Onwards and upwards we went following the mowed path through the field to the break in the trees. I am less familiar with this side of the park as I don’t remember coming this far very often, certainly not on my own anyway. Reaching the high point of the hill which I think is actually called Featherstone hill the landscape opens up somewhat and a broad vista to the west and north can be observed. The most noticeable thing when standing up there though, is not the view, but instead the noise. In the direction you face, laid out before you is the Watford Way, a stretch of road where the A41 and A1 share the same road. Just the other side of that is the M1 running alongside it. And next to that is the rail lines for trains running out of St. Pancras to the north. So all in all it is pretty bloody noisy standing up there. but then I reckon it couldn’t have been much quieter in the 70s when I was a kid as all those roads and rail lines were there then and whilst they would have been a little less busy, there still would have been a constant traffic hum. The hum is morelike a roar these days.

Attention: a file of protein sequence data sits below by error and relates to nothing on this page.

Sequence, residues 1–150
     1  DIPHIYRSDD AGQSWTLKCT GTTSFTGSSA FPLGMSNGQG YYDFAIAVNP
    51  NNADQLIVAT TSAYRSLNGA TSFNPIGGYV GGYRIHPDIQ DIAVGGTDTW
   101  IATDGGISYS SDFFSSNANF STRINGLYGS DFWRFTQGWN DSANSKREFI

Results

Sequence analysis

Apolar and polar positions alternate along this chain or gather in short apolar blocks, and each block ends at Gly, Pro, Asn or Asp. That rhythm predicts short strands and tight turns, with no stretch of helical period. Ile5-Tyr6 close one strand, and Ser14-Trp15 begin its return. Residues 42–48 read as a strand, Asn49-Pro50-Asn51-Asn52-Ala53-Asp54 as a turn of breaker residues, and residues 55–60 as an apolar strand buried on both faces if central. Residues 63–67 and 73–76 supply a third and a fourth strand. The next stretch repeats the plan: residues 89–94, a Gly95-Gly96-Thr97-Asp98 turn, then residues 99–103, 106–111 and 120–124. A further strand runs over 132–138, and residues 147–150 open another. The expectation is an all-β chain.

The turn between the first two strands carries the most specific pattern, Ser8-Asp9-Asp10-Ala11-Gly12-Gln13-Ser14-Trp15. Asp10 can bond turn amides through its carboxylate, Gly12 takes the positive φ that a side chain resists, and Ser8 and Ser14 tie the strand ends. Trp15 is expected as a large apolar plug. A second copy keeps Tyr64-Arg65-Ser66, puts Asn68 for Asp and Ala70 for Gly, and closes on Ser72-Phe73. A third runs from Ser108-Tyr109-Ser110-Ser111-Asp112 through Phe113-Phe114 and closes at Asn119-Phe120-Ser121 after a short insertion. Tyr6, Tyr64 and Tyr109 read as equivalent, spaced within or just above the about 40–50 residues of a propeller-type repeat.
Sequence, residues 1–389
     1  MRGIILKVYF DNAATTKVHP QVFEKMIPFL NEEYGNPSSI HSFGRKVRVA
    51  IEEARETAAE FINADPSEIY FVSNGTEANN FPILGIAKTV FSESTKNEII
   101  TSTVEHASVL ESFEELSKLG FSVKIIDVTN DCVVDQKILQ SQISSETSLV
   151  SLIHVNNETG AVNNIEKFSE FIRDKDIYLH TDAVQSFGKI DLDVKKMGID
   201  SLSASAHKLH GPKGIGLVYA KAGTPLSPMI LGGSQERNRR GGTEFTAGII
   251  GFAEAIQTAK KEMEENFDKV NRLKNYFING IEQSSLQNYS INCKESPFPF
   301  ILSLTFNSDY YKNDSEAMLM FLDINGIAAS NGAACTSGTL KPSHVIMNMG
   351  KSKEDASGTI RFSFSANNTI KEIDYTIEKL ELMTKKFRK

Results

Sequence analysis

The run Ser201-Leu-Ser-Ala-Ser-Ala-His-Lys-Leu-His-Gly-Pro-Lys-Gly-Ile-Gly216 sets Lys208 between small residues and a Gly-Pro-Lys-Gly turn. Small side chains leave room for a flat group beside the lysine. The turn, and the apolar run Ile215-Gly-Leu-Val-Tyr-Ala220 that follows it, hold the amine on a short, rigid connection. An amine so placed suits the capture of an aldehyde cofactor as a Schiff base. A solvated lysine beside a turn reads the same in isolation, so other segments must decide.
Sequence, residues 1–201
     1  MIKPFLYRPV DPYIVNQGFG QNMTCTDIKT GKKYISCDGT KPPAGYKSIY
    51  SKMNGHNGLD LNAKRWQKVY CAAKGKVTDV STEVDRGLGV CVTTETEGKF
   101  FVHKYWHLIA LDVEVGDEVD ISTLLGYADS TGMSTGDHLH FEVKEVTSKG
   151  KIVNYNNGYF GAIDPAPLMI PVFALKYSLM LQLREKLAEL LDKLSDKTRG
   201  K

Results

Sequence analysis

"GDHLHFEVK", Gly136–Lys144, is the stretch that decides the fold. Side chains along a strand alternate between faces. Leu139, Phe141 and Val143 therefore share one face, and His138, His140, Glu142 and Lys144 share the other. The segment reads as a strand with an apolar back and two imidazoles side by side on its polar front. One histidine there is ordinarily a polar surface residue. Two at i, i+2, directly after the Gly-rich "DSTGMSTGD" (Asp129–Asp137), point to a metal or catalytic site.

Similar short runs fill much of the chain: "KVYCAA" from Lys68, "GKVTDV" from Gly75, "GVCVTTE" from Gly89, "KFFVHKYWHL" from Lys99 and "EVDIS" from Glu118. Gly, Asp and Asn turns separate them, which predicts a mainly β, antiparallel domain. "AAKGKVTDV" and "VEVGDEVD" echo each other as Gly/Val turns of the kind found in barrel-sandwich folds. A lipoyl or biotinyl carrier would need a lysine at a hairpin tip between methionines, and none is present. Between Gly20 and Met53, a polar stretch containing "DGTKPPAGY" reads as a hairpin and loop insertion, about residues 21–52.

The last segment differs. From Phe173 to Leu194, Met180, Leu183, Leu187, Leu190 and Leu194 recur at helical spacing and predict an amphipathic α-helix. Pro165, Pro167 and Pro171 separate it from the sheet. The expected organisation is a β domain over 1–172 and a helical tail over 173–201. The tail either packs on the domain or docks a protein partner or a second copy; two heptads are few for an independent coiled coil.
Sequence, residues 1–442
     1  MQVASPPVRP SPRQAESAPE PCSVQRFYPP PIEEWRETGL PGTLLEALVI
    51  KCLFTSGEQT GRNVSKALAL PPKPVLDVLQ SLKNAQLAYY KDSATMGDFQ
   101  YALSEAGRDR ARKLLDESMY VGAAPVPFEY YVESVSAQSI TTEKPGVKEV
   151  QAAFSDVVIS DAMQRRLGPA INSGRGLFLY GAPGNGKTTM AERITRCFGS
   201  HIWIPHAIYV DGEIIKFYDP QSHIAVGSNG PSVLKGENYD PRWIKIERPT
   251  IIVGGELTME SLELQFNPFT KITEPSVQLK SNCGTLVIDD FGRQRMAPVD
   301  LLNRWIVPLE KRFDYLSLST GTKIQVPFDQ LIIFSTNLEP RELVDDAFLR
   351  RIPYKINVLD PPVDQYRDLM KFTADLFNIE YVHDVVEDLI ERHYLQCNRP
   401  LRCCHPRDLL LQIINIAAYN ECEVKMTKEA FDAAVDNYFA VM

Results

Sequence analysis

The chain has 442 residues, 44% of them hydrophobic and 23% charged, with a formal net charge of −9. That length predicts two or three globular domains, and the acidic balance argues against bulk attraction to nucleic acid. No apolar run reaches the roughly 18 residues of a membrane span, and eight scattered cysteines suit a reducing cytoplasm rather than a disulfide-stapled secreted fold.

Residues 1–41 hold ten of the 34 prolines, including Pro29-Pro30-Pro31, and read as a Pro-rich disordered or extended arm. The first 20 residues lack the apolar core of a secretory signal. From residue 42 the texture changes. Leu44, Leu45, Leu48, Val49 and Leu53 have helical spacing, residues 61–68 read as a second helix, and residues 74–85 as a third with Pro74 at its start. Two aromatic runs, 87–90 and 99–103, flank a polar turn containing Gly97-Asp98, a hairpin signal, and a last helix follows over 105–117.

A view west from the top of Featherstone Hill within Arandene Open Space. A few trees in the near distance give way to the view of houses and transport links that stretch into the distance.
Travelling on instinct we carried on and as I expected emerged from Arandene onto Wise Lane just opposite Mill Hill Park. We turned left here and followed the road back towards the car. I remembered how in the side roads off of Wise Lane I had learned to drive a car thanks to my sister buying me Driving lessons for my 18th Birthday. The driving instructor, who used to chain smoke the whole time and would often make me pull into a garage so he could buy more fags, must have thought I was a quick learner as he took me to Mill Hill Circus and even Apex corner later on that first lesson!